“There’s a lot of good people out there,” she said. “There’s a lot of people out there that are trying to make sure that no individual is singled out and that when they see something bad happening, they want to try and help. They want to try and make sure that those people feel protected and that they have a community around them.”
Southern Poverty Law Center
While Muslim Advocates monitors national hate crime incidents against Muslims, the Southern Poverty Law Center tracks hate groups as part of its mission to “advocate on behalf of society’s most marginalized members.”
The rise in anti-Muslim hate crimes doesn’t surprise Lecia Brooks, the organization’s outreach director, who said the increase is consistent with her organization’s findings.
“Our hate data shows that there’s an increase of three times as many anti-Muslim hate groups in 2016 than there were in 2015,” Brooks said.
The data collected by SPLC is updated on a map annually in February.
The map shows the highest concentrations of hate groups are in the southeast and northeast parts of the country.
Beyond tracking modern hate groups and civil rights litigation, SPLC works to address Islamophobia through Teaching Tolerance, a program that provides free curriculum to teachers across the country, Brooks said.
K-12 educational resources and material are available on SPLC’s website, along with professional development tools for educators.
“What we’re trying to do is support a more rigorous form of multicultural education and really helping teachers, who are primarily white women, teach a more diverse student population,” Brooks said. “We also know that they don’t get a lot of time in teacher education programs to develop any true cultural competency. We’re trying to offset that.”
Omar Ghani, the executive director of the Lexington component of The Council on American-Islamic Relations, said the decision to reactivate the chapter this year was motivated by the desire to provide a community platform.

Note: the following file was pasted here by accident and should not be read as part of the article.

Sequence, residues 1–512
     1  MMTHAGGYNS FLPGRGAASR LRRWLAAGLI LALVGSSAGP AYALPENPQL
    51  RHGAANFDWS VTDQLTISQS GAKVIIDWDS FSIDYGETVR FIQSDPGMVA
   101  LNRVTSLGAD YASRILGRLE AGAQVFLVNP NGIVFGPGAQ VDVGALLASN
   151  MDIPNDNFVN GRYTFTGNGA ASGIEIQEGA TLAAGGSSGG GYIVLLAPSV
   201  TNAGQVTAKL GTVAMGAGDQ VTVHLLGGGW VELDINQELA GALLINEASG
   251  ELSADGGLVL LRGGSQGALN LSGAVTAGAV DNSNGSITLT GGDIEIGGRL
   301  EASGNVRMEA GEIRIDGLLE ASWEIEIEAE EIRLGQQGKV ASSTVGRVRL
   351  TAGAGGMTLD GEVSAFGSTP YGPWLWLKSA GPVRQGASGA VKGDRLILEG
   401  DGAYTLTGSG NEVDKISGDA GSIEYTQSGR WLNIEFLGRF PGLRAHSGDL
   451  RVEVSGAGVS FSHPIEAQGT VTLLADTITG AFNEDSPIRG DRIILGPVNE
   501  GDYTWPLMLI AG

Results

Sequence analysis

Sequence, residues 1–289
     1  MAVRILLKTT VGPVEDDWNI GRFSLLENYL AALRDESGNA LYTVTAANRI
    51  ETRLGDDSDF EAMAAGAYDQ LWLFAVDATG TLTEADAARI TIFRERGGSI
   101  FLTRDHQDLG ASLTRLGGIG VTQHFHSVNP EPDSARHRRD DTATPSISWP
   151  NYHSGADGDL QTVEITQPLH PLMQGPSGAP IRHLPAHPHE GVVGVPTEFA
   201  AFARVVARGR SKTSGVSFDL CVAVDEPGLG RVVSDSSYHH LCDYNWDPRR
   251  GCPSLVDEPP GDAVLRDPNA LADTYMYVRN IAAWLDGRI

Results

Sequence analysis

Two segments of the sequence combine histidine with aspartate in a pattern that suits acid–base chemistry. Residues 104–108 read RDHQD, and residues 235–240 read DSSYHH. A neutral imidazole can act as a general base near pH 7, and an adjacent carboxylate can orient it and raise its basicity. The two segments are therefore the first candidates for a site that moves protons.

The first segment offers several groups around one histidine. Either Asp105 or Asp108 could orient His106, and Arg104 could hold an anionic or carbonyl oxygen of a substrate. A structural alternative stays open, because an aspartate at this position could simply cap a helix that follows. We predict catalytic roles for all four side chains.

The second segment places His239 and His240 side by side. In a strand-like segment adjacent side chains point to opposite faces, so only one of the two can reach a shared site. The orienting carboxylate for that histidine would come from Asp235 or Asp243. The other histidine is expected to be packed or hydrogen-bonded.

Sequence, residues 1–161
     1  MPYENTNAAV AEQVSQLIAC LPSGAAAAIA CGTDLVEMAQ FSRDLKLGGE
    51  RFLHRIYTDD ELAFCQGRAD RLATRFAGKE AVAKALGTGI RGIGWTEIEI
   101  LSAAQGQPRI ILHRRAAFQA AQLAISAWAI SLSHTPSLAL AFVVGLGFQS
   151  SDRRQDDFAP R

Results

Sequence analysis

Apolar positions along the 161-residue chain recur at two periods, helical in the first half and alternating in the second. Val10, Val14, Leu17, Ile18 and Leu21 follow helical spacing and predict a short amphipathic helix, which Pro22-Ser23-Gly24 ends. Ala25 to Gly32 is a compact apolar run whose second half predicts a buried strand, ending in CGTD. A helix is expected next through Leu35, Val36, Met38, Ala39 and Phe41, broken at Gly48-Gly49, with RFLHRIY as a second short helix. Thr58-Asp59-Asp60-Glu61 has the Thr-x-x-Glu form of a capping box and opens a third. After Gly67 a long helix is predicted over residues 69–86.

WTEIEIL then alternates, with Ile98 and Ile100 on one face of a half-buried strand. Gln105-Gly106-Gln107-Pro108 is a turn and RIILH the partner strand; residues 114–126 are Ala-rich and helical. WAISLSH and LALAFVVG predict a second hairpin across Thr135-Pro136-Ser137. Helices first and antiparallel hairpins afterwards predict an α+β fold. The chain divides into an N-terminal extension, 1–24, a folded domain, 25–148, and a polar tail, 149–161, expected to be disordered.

CAIR Kentucky is working to make a presence, Ghani said. The group has worked with local mosques, primarily Masjid Bilal and The Islamic Center of Lexington.
They have distributed letters on immigration law policy to both mosques, and will continue to cover issues affecting the Muslim community, Ghani said.
CAIR Kentucky held a civil rights workshop on April 1 with Street Law, a group in University of Kentucky’s law school, to educate community members on their rights.
Ghani said workshops like these are an important component of the Lexington chapter’s work, as they provide crucial information to people who may be misinformed or at a disadvantage because they may lack knowledge American-born people have through experience living here or easier access to resources.
“Given some changes in the political climate, people are a little more nervous,” Ghani said. “They’re a little more worried about what’s going to happen to them and their relationship with the government.”
Workshops are only one aspect of education that Ghani said his group will be focusing on. Interfaith dialogue, activities, and events bringing Muslim community members and members of other religious groups together will hopefully help bridge the gap and help foster a community-focused atmosphere, he said.